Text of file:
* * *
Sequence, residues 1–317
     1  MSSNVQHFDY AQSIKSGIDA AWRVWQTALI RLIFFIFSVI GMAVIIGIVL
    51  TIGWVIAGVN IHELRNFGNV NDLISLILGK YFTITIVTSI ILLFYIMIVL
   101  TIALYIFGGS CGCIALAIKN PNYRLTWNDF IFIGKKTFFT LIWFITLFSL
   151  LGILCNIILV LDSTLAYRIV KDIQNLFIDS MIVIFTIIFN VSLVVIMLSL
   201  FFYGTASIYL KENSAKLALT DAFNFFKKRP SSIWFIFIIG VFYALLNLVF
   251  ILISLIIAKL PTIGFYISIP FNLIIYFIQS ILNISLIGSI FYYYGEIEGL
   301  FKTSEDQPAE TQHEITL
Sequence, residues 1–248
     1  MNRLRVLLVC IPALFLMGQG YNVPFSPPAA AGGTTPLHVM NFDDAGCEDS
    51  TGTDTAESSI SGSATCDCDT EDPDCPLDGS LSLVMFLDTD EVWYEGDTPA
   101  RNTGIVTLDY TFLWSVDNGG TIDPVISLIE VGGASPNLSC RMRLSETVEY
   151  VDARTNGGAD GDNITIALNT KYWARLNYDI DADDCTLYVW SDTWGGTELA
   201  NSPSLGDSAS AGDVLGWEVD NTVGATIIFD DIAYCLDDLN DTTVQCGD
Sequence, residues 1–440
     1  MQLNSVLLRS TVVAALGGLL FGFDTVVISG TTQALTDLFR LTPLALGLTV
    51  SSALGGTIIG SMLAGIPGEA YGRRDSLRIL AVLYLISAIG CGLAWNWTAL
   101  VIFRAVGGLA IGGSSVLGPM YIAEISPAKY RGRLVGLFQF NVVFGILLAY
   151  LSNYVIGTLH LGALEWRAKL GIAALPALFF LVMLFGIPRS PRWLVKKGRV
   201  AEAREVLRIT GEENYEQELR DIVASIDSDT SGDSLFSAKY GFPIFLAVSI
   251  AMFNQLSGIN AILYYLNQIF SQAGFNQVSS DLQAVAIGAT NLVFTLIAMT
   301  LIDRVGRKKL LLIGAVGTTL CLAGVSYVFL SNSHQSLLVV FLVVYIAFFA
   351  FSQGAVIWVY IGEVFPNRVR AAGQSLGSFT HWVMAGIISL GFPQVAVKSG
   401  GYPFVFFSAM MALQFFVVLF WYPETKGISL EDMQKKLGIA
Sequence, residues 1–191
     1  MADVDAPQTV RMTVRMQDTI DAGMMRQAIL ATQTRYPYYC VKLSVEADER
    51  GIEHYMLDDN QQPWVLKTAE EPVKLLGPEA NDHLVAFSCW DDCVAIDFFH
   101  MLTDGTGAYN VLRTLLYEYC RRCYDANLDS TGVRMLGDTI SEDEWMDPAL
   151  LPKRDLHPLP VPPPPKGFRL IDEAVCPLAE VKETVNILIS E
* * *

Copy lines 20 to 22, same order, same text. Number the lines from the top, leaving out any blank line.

   201  AEAREVLRIT GEENYEQELR DIVASIDSDT SGDSLFSAKY GFPIFLAVSI
   251  AMFNQLSGIN AILYYLNQIF SQAGFNQVSS DLQAVAIGAT NLVFTLIAMT
   301  LIDRVGRKKL LLIGAVGTTL CLAGVSYVFL SNSHQSLLVV FLVVYIAFFA